The following Op-ed was written by Mary Ann Ellis, the English Department Head at Appling High School, in response to the Appling County School Board’s decision to remove three classic texts from the classroom. The Article first appeared in the Baxley News-Banner.

On November 19, 2007, the Appling County School Board set a dangerous precedent by removing books from the classroom.  The board betrayed not only me and the English Department, but our students and their parents as well.

Back in June, a local minister challenged two classics—Of Mice and Men and Native Son—which have been taught here for decades; my husband read them back in the sixties. The complaint of profanity spurred heated debate before the school board, which told the minister that board procedure required a formal written complaint.

For three weeks after the formal complaint came, two committees of twenty respected educators read (a key word here) these two books, discussed them, and found them appropriate for high school students. Nonetheless, when the minister returned to the board, its members ignored the recommendation of the committees and voted unanimously to take the books out of the classroom.
Suddenly and insidiously, into the controversy came another book, Brave New World.  This classic had been added to the list in a daytime meeting while I and most people were working.  A deluge of calls came from parents.

“How did Brave New World get on their list? I want my child to study this book,” the parents said. 

“If I give permission, it’ll be fine, right?”

“I don’t know,” I replied.  “I’ll go ask.”

On November 5, I approached the board for clarification and was told I could teach any of the books if I had 100 per cent parental permission.  Back at school, my senior college preparatory class, many of which are already eighteen–old enough to fight for this country, to get into R rated movies, etc.–prepared to read Brave New World.  They brought me parental permission forms and enthusiasm.  Before we actually started reading the book, the ministers struck again, and on November 19, this same board took away the parents’ rights to decide for their children.  They summarily dismissed the fact that one hundred per cent of the parents said, “Yes.”  The school board said, “No.”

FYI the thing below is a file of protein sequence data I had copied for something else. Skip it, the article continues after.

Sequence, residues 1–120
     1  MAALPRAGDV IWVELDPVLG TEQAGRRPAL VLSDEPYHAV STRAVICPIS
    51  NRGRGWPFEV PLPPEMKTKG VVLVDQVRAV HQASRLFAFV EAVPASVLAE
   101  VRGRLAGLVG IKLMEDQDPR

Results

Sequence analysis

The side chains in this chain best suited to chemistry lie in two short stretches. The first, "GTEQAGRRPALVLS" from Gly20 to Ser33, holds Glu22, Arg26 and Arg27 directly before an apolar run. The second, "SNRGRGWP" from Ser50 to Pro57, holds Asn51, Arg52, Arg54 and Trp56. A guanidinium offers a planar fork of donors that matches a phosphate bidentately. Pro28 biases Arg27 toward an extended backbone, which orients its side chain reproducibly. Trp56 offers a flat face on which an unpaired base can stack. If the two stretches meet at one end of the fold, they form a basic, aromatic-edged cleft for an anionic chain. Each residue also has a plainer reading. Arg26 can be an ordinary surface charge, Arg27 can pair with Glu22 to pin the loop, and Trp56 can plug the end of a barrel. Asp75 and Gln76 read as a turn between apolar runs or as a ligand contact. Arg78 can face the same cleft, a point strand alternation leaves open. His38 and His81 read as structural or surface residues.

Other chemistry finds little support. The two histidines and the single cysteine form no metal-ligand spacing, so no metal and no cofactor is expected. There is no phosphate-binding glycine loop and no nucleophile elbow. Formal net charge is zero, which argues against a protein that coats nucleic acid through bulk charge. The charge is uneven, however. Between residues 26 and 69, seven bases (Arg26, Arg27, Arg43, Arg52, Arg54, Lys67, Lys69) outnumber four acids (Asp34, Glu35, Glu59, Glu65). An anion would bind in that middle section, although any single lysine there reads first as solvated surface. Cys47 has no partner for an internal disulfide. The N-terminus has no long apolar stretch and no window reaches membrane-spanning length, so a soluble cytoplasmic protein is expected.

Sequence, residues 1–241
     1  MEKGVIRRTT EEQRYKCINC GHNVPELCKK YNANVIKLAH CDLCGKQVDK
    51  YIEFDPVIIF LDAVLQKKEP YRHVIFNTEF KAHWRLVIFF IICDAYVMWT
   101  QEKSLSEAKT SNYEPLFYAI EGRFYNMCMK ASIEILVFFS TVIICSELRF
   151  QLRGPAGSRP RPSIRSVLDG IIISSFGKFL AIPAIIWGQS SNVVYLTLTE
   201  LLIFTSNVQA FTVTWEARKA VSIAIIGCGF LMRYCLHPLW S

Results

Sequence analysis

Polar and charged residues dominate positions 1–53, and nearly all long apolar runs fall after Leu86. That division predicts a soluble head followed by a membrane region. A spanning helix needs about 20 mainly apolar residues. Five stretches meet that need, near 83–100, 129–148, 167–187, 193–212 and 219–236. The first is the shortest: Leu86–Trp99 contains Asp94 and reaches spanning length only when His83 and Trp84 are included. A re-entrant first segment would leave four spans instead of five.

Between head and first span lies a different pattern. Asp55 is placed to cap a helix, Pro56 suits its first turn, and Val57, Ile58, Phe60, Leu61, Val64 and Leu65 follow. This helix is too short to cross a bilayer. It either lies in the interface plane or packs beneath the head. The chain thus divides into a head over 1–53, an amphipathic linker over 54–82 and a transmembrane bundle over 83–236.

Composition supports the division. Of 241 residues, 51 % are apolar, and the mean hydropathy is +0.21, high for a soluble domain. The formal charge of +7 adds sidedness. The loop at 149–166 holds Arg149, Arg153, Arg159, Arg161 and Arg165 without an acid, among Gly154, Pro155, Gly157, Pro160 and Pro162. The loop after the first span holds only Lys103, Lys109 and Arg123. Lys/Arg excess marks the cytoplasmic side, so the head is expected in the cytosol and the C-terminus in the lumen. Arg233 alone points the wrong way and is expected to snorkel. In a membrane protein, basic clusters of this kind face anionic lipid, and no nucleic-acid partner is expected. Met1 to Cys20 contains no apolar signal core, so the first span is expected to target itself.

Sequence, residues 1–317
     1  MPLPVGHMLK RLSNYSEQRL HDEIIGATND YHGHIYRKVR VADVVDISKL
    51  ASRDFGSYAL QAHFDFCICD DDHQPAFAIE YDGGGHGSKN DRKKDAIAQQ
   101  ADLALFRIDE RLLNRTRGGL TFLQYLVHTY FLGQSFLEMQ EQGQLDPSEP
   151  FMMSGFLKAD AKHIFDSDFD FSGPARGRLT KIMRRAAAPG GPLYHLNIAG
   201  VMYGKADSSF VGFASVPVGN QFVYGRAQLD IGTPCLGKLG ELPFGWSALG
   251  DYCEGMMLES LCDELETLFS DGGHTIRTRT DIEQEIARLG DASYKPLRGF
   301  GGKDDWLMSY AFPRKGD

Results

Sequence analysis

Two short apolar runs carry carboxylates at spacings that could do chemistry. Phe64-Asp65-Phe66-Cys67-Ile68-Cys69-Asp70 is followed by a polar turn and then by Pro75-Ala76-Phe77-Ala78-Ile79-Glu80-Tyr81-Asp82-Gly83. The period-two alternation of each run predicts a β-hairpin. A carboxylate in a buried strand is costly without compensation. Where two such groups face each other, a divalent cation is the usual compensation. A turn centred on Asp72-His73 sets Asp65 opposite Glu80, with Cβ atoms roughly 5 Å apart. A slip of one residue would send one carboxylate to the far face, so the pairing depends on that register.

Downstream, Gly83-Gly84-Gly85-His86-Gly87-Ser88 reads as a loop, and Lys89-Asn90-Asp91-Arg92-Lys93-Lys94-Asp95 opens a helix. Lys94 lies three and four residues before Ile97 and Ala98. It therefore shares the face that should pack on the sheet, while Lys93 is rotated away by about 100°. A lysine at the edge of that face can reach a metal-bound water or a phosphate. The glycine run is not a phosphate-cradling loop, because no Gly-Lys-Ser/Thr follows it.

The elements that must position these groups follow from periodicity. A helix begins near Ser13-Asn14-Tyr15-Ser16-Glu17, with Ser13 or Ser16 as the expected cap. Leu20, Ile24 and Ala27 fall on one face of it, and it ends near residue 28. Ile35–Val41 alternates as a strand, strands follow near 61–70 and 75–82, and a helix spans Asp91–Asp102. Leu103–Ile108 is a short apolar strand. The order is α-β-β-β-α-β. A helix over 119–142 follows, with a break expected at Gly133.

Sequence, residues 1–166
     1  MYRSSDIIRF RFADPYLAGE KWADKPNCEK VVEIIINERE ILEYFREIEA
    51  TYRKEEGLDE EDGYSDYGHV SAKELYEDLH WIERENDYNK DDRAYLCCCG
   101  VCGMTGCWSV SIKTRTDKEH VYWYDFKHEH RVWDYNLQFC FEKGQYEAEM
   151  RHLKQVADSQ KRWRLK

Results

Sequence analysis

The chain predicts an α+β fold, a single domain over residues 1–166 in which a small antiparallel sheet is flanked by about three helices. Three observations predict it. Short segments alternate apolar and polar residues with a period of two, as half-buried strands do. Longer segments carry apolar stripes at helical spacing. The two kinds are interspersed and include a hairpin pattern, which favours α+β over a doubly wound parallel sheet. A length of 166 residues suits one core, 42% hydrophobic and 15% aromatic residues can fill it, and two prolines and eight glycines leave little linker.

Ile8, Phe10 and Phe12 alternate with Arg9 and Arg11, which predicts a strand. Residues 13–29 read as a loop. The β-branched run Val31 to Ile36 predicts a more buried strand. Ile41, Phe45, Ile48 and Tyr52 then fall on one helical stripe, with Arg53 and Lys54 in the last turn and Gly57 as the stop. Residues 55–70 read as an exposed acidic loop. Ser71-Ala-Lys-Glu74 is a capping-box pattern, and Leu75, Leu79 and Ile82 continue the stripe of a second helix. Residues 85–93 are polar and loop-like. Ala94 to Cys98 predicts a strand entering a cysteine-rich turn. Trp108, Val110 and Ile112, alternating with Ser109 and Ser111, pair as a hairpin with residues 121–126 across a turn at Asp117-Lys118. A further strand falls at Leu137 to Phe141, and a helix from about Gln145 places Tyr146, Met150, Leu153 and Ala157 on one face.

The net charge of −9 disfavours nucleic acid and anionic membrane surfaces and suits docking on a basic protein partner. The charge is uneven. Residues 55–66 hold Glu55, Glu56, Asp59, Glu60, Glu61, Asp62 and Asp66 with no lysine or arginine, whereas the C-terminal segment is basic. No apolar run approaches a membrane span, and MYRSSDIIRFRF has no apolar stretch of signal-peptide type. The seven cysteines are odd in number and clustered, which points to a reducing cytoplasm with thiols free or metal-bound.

When the discussions first began, the ministers unwaveringly insisted that parents be given more responsibility, more input.  Now a mere six months later and on the advice of two ministers who have not read the books and who have no children in school, the board has usurped parental authority

No longer can Appling County college prep students study in the classroom these three classics which appear on national exams such as the Advanced Placement Exam and the SAT. These classics are no longer available to our Honors English students or even to our most advanced students, the AP British Literature Class.  Already our students leave home at a disadvantage because so few advanced classes are available to them in this small rural area; the board just saddled them with another handicap.

Granted, the students can still check out the books, but without help, most of them cannot understand the multiple levels of meaning. These books require good teaching to help the students discover their underlying meanings and to prepare them to apply that skill to other books. The students need my expertise, which the board forbade me to give.  Ironically enough, I was hired for that very expertise, which has served my students well for the last twenty-three years.

Can I do my job without these books?  I’ll certainly do my best.  I’ll encourage them to read the banned books, and the very fact that people wanted them banned will engender curiosity.  I, of course, will not teach them in class because the board, my official employer, has ordered me not to.
This situation is a bit like farming.  A good farmer can grow crops if someone takes away his tractor, but his progress is set back many years when his tools are limited.  Can he compete with all the farmers with tractors?  In the English Department, we’ve been set back at least fifty years.  We’re now working with hoes and shovels.

Our students are the ones who’ve truly been betrayed by the very board responsible for giving them the best education available. Somewhere down the road when the ministers bring three more books and three more and Shakespeare, what will happen then?  Our students will leave this county unprepared for Mercer, UGA, Harvard, GSU.  Not because of the ministers, mind you. No, they can thank their very own Appling County Board of Education.

Mary Ann Ellis


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